The main reason for creating this script was to compare user permissions when someone came to me saying “I need the same permissions as so and so,” and then I would scratch my head trying to figure out how to get this quickly and easily. Finally, I wrote a script. It’s in a state of flux with new things being added as I discover that I didn’t capture everything I wanted, but currently, it works for:
- Server level perms – this script doesn’t give you the scripts to create logins, and for that, I use sp_revlogin or dbatools. The purpose of this was more as a check to see what perms someone has and then quickly grab the script to mimic that for someone else.
- Database role perms
- Database object perms
- Schema perms
- Type perms – this really comes into play when there are user-defined types created
Here’s the script for those who just want to get started using it.
I’ll explain the bits and pieces below the script in case there are any questions about what I’m doing. Really all you need to do is set your variables for @user and @database and you are good to go. You don’t have to understand all the inner workings of this script in order for it to work for you.
Each of the queries will spit out a table with the results showing you the perms and information on the objects that the perms are granted on and the last column gives you the script to implement the perms. I’m thinking about instead printing this to the screen so you can easily copy and paste the code, but as it is it’s only five result sets so I wasn’t too worried about having to copy/paste out each result set into a query window.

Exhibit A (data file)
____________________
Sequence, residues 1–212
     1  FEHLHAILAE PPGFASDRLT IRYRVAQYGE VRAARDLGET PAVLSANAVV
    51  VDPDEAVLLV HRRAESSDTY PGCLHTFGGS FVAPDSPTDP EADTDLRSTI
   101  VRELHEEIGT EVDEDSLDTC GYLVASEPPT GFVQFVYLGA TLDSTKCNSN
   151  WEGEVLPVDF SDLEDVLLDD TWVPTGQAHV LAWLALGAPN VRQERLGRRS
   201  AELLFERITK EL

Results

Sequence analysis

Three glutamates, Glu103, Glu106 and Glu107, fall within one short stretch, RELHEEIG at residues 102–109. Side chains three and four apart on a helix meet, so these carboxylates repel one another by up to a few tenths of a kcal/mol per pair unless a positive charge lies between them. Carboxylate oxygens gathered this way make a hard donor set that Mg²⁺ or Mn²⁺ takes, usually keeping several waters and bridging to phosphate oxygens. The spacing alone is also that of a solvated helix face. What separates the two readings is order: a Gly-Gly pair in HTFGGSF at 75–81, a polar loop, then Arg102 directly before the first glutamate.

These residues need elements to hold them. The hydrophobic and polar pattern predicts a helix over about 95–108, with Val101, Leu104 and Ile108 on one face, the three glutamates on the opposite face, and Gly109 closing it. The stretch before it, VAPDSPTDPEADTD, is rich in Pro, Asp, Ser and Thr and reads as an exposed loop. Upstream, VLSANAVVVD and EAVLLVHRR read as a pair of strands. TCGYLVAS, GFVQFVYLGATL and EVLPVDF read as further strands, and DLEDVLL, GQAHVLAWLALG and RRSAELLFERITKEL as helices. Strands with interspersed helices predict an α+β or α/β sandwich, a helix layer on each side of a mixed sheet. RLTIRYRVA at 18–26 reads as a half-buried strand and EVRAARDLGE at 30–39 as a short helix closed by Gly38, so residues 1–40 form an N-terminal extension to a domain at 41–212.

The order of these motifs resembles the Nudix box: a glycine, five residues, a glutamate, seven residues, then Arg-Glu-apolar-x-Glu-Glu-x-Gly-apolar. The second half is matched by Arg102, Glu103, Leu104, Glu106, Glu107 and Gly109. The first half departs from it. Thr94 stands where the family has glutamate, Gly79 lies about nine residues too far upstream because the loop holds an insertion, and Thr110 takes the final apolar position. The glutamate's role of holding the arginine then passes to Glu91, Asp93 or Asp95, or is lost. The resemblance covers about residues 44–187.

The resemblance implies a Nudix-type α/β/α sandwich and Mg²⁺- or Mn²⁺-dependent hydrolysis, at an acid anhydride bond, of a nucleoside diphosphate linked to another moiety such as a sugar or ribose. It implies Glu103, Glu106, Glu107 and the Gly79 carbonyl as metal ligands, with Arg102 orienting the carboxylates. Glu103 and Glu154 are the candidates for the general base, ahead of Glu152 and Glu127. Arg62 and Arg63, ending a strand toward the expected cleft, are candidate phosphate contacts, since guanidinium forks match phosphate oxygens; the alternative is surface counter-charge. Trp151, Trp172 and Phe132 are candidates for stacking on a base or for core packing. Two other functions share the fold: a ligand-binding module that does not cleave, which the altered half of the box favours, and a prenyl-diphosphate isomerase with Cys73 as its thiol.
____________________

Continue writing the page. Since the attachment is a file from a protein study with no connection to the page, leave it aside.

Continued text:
This script starts by declaring some important variables like:
- @user – this can be set to NULL to get all users or it can be set to a specific user or group
- @database – this can also be set to NULL and it will get all the databases or can be set to a specific database
I may modify this to allow for setting multiple databases or excluding multiple databases. For now, the use cases are:
- one database for one user
- all databases for one user
- all databases for all users
If you are interested in getting a user’s perms when they are getting their perms from a group. then you can use the code to enumerate a group:
DECLARE @LoginName varchar(50) SET @LoginName = 'domain\user' exec xp_logininfo @LoginName, 'all'
Then put that group into the @user variable to see the perms for that group. I’m trying to work on enumerating groups on the fly with the query, but it’s a work a progress. I’m also working on setting multiple users/databases or excluding multiple users/databases.
Then the script takes you through each of the perms that it’s gathering one by one. The server-level perms aren’t placed into a table variable because it only has to run once to get everything. The database level queries are placed into a table variable in order to loop through each database in turn.
Really all you need to do is set your variables for @user and @database and you are good to go. You don’t have to understand the inner workings of this script in order for it to work for you.